- Mike "The Stroker Ace" Cooley – guitar
- Patterson Hood – guitar
- John Neff – guitar
- pedal steel guitar
- Brad "The EZB" Morgan – drums
- Shonna Tucker – bass
- Jay Gonzalez – keyboards
- David Barbe - producer
- engineer and frequent studio collaborator on guitar
- bass and keyboards
It seems simplest to understand Patterson Hood as the director
and/or producer of low-budget films, which is maybe what he thought he
was doing when this all started. Each is released in record album form
under the name Drive-By Truckers and features a closely held assortment
of friends and combatants.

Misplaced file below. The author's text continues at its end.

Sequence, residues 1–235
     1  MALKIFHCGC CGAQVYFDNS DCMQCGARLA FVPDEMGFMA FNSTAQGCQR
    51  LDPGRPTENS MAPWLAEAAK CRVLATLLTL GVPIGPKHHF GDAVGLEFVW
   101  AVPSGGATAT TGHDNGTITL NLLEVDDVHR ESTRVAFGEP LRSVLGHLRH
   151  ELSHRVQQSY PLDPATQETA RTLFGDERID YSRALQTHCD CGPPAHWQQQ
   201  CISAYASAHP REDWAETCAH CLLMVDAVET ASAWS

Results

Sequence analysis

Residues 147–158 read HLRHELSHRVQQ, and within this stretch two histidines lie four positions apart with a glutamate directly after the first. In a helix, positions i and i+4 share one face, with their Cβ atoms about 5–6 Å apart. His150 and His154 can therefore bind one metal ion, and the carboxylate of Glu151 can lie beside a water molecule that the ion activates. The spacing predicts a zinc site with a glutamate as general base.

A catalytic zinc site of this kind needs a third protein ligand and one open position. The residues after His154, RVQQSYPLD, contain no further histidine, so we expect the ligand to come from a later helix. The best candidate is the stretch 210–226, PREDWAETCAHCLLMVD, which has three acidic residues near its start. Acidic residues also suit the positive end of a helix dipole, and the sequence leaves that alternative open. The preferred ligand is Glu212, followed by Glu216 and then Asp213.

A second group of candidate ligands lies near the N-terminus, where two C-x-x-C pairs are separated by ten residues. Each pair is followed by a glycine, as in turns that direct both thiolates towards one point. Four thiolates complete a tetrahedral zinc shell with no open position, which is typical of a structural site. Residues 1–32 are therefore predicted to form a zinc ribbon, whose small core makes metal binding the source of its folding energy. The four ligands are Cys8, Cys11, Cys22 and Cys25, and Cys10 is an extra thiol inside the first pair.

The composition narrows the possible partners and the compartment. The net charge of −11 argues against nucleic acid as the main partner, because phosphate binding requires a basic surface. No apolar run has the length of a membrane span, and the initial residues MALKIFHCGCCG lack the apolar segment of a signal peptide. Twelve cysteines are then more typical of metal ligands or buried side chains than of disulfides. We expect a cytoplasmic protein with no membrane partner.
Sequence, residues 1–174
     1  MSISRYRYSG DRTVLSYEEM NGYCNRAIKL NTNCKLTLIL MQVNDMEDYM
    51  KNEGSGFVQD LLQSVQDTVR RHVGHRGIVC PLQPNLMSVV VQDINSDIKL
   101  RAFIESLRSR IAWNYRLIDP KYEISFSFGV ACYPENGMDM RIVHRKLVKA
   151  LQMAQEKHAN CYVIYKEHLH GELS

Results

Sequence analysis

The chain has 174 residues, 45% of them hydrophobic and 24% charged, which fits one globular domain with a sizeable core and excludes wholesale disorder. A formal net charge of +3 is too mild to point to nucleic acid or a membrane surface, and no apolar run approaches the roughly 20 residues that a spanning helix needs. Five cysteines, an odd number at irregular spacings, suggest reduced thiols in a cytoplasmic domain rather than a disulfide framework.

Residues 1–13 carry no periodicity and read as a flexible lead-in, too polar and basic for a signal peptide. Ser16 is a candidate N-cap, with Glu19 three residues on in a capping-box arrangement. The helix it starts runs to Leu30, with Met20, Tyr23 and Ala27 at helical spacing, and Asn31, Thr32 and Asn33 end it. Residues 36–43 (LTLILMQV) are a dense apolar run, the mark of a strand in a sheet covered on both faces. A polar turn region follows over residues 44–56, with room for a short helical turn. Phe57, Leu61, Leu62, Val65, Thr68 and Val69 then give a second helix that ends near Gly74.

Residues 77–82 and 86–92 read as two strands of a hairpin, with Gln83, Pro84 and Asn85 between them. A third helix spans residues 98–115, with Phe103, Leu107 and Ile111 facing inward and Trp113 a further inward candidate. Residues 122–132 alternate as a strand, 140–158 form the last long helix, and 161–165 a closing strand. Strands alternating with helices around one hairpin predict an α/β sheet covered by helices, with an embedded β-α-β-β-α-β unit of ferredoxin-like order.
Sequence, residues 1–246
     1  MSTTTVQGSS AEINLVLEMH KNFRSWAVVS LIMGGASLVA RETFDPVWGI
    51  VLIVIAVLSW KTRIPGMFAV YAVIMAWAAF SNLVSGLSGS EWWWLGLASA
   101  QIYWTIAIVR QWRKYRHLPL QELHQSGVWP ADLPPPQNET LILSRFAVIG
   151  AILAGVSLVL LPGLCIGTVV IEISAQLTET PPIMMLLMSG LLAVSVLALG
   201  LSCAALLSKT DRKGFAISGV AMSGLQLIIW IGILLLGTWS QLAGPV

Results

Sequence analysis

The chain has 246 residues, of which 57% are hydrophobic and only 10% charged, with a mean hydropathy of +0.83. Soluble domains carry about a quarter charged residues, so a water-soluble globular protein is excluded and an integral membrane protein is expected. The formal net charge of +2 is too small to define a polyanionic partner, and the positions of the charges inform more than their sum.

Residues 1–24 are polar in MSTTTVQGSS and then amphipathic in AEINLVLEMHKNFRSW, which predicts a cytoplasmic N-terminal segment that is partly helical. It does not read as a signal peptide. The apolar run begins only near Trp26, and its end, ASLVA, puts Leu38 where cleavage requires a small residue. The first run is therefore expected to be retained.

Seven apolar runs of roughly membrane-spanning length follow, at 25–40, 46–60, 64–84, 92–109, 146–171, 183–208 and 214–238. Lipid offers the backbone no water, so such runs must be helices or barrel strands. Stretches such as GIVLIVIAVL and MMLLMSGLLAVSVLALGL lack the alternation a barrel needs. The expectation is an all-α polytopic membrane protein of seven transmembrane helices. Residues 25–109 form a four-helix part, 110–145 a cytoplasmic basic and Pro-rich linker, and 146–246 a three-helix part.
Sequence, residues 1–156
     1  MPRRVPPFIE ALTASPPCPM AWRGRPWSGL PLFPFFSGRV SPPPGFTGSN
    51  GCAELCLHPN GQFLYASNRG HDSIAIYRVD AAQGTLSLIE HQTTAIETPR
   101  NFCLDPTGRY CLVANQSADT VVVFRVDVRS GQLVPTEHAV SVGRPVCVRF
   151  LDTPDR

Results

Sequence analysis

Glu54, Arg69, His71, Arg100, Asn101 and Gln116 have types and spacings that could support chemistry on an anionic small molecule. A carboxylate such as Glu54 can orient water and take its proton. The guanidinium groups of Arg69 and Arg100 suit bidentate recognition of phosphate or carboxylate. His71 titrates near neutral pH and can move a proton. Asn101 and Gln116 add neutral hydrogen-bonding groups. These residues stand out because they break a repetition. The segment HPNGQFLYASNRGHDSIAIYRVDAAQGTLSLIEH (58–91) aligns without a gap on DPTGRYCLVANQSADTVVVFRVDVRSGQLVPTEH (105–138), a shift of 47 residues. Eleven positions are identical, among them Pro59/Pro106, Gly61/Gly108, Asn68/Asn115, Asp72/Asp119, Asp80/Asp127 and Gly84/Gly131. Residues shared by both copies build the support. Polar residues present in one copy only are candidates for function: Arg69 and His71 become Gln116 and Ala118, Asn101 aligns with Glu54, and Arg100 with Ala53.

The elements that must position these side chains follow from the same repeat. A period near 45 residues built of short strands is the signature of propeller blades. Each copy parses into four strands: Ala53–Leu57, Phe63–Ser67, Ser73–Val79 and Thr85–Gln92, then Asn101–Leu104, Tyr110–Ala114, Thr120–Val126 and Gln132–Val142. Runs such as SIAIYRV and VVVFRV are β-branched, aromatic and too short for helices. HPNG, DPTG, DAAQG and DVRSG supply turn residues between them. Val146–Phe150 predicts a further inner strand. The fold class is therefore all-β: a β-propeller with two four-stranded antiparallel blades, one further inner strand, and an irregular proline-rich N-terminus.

Ten of those, so far, going back to 1998's Gangstabilly, plus two more under Hood's own name, have delighted the critics and enthralled fans. Each release filled with carefully told, fiercely rendered short subjects. Cinematic songs. Not Ed Wood films, by the way. More... well, did you see John McNaughton's Henry: Portrait of a Serial Killer? Or, perhaps better, their friend Ray McKinnon's short, The Accountant?
The new one, the one we're meant to enjoy just now, is called The
Big To-Do and ushers in a new relationship with ATO. And it offers up
the curious, abiding peace which only great rock can still bring.
Which is not to say that Hood and his long-time fellow-travelers - Mike Cooley (vocals and guitars), along with Brad Morgan (drums), Shonna Tucker (vocals and bass), John Neff (extra guitars, as if there could be such a thing), Jay Gonzalez (keyboards) and studio facilitator David Barbe - travel only on the darkest side of the street. But they do know the road tolerably well.